Rethinking the nature of cruelty : the role of identity leadership in the Stanford Prison Experiment
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The Stanford Prison Experiment (SPE) is one of the most famous studies in the history of psychology. For nearly a half century it has been understood to show that assigning people to a toxic role will, on its own, unlock the human capacity to treat others with cruelty. In contrast, principles of identity leadership argue that roles are unlikely to elicit cruelty unless leaders encourage potential perpetrators to identify with what is presented as a noble ingroup cause and to believe their actions are necessary for the advancement of that cause. Although identity leadership has been implicated in behavior ranging from electoral success to obedience to authority, researchers have hitherto had limited capacity to establish whether role conformity or identity leadership provides a better account of the cruelty observed in the SPE. Through examination of material in the SPE archive, we present comprehensive evidence that, rather than guards conforming to role of their own accord, experimenters directly encouraged them to adopt roles and act tough in a manner consistent with tenets of identity leadership. Implications for the analysis of conformity and cruelty as well as for interpretation of the SPE are discussed.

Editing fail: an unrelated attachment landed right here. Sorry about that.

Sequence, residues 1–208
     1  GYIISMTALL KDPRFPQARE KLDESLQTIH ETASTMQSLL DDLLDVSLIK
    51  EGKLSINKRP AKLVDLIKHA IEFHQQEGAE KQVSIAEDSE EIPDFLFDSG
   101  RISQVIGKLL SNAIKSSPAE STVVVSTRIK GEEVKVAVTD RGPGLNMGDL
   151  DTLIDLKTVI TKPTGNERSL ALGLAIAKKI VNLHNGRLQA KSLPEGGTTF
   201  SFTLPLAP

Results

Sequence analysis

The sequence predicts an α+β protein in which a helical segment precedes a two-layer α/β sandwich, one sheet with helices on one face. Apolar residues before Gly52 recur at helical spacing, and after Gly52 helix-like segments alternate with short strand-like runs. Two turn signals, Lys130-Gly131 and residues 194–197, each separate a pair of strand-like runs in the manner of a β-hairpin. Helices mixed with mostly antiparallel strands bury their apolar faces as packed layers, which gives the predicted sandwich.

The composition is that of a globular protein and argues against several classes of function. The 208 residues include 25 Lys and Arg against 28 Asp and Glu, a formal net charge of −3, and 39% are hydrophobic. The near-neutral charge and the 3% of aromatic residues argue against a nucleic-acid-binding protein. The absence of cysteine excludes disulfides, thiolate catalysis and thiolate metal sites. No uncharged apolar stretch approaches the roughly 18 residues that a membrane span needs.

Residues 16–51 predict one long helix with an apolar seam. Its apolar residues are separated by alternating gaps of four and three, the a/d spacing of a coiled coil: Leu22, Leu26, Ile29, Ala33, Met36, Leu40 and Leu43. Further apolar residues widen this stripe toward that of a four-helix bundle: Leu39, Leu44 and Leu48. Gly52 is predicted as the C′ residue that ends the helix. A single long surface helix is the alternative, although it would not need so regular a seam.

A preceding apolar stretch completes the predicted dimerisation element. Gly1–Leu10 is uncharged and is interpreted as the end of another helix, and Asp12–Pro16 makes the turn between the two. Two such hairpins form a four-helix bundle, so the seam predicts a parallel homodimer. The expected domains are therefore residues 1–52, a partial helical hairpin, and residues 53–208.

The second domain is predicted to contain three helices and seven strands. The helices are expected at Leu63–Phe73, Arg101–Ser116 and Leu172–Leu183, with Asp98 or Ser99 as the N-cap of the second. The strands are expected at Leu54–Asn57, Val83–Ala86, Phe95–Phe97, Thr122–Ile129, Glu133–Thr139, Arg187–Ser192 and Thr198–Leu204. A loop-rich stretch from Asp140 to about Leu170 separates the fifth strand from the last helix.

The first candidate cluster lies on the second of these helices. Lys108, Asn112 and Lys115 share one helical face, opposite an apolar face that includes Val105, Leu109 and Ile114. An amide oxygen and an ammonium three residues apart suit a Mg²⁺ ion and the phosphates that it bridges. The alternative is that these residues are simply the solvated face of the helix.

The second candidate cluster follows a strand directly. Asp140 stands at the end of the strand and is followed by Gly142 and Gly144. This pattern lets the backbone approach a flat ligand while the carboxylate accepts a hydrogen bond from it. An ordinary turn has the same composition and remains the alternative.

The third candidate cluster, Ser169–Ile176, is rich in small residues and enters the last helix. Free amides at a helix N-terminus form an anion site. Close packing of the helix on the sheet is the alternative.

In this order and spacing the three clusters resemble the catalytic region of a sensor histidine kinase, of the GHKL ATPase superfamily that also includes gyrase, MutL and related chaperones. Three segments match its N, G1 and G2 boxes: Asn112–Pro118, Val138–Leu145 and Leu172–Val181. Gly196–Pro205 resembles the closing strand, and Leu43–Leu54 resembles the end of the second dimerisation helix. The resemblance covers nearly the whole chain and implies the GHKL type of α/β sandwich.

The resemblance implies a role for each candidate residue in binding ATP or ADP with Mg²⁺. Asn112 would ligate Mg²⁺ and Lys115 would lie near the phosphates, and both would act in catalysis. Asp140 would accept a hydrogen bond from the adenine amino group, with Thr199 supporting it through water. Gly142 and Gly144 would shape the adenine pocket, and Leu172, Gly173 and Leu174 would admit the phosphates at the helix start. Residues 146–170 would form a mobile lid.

Haslam , A S , Reicher , S D & Van Bavel , J J 2019 , ' Rethinking the nature of cruelty : the role of identity leadership in the Stanford Prison Experiment ' , American Psychologist , vol. 74 , no. 7 , pp. 809-822 . https://doi.org/10.1037/amp0000443
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